On MacDougal, just south of 8th Street, is a little thrift shop. We went in there to buy a tie. There were a bunch of ties crowded at the end of a rack. This took nearly as long as the suit, as we had to reject anything with stripes, chevrons or bars. There was music playing, a lot of old seventies songs. David Bowie singing China Girl, a song I didn’t know he sang (I know he co-wrote and produced it, on Iggy’s The Idiot, but this is from Let’s Dance, an execrable 80’s album). They were burning incense that smelled like opium. It reminded me too much of being a teenager, the late seventies music and the hippy punk gay vibe of the store, used clothes and incense. Even the address. She selected a pink tie with tiny black boxes. I got a maroon tie with tiny black boxes just in case my wife said no to the pink.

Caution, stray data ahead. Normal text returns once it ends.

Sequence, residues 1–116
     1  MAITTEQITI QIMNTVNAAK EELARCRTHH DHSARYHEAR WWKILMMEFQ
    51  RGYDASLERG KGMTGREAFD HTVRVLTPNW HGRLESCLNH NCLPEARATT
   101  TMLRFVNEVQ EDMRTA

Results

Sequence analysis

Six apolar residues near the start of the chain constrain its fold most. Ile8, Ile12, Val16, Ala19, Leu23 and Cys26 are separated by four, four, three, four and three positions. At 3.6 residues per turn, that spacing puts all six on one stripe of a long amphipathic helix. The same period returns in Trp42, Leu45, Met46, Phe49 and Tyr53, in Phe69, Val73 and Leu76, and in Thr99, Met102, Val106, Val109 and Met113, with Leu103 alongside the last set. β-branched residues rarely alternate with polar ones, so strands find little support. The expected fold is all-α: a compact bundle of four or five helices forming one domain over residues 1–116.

There is a dry cleaner that does alterations across 8th Street. I went into the 3×3 dressing cubicle, put on the pants, and the Chinese man pinned the cuff. We decided that the waist was fine.
My mother’s is less than a block away. We dropped the stuff off and had lunch at Japonica, on University. I love this restaurant. I got Chirashi and green tea and she got a Kaiso Salada. We watched people on the street. It’s a great corner for people watching. And there are a lot of people on University these days. My mother, in the early fifties, lived near there. Q and I didn’t talk much. I know if I were with my mother she would have been talking about all of the little dogs. She knew every dog in the neighborhood.
Afterwards I thanked her and we hugged. She went off to meet someone and I returned home to help pack up crap and prepare for the descent of family and friends.